17 December 2010

Colorado Plateau, stretching and breaking like a putty pancake

Posted by mohi

The Colorado Plateau. Image courtesy NPS

The Colorado Plateau, a tableland region of about 337,000 square kilometers that covers the Four Corners area of the American southwest, has been rotating ever so slightly around a point in the northern Rocky Mountains for millions of years. Its geological Lazy-Susan-esque action is credited with tearing a rift in the earth’s surface that now holds the waters of the Rio Grande.

But now the Colorado Plateau is doing something different. It appears to be stretching–expanding from east to west–crowding its neighboring landmasses on each side. And in time–many millions of years–the plateau will most likely stretch and break apart like a giant Silly Putty pancake.

At least, that’s what recent GPS data seems to indicate. The movement has been clocked at speeds ranging from 0.4 to 1.5 millimeters per year in different spots along the southwest and northeastern boundaries.

Corné Kreemer of the University of Nevada, Reno, Nevada, has been analyzing data from dozens of GPS stations scattered throughout the region, and he sees movement paired with seismic activity that indicates something else is going on besides the familiar old rotational twist that’s been happening for ages. He sees evidence of crinkling and deformation at the southwestern and northeastern corners of the plateau and increased earthquake activity that appears to be caused by tension created by the region’s expansion. The expansion is widest towards the southern half of the plateau and narrows towards the Plateau’s northern boundary.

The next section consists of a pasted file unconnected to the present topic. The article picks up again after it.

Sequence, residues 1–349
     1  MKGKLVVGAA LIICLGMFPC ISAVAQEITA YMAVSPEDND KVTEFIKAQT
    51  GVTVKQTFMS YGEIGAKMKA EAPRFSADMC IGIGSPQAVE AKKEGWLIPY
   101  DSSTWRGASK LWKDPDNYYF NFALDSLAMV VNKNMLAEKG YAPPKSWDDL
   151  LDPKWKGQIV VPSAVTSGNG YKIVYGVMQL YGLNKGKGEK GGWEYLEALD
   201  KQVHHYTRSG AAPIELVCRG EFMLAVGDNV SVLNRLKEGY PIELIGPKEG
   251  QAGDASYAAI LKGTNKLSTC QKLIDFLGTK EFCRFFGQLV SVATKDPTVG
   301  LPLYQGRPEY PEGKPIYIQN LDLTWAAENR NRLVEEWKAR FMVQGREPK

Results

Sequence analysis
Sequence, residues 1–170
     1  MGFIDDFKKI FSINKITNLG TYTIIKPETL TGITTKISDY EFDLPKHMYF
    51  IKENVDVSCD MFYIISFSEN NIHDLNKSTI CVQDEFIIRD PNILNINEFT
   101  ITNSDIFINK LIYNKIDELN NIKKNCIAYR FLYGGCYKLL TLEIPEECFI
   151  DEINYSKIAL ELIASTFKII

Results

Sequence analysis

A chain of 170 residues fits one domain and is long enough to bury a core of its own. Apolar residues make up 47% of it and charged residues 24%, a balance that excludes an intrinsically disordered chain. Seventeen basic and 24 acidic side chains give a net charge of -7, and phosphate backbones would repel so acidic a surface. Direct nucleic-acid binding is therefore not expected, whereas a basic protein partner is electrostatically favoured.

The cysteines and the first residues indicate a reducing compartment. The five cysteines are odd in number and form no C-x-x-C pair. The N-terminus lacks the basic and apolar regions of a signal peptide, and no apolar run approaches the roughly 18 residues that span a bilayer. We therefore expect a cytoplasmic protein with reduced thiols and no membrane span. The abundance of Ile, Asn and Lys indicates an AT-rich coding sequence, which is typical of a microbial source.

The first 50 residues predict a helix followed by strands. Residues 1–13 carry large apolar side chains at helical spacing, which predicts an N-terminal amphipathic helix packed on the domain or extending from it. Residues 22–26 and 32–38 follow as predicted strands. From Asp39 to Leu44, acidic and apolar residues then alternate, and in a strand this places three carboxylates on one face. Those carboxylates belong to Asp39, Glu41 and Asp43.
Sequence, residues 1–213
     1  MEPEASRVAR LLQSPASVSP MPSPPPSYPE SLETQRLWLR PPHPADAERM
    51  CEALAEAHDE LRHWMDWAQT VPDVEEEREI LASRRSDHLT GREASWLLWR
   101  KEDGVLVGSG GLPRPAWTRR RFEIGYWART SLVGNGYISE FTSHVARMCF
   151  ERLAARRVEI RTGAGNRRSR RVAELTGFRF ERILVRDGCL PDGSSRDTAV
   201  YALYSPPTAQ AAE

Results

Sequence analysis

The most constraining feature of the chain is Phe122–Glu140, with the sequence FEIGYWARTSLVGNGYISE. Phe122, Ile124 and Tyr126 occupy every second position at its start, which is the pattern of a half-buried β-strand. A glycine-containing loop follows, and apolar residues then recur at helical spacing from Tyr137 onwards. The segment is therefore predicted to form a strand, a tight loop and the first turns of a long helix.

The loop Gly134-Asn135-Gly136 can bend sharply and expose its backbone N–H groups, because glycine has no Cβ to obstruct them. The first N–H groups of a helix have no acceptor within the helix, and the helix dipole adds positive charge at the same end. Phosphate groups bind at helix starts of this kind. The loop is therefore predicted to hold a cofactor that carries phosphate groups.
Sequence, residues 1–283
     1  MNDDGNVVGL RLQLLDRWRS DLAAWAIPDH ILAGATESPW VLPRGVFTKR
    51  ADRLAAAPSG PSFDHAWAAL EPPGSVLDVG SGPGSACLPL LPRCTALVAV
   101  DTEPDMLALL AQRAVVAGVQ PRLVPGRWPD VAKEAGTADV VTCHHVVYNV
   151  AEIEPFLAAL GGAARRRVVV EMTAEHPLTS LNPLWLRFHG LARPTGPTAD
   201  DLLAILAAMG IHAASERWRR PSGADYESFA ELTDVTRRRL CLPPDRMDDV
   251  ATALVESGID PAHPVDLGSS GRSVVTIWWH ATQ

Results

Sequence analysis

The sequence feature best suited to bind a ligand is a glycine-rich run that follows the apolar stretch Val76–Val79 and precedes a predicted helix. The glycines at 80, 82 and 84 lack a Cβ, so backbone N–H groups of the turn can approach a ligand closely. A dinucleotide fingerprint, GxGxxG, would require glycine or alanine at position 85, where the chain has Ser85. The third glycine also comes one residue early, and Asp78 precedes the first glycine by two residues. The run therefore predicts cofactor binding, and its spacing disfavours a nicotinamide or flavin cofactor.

Kreemer’s work has just begun, but he says that what he sees from the data so far convinces him that the plateau is indeed expanding. If you ask him if the Colorado Plateau is breaking up, he will answer with confidence in the affirmative. But he says he needs more GPS stations–especially along those active eastern and western boundaries–to get more details of the expansion. He adds that some of the stations have been in place for less than three years, and data sets covering longer periods of time will give him a better idea of how the trend may continue in the future.

–Donna Hesterman is a graduate student at the UC Santa Cruz science writing program.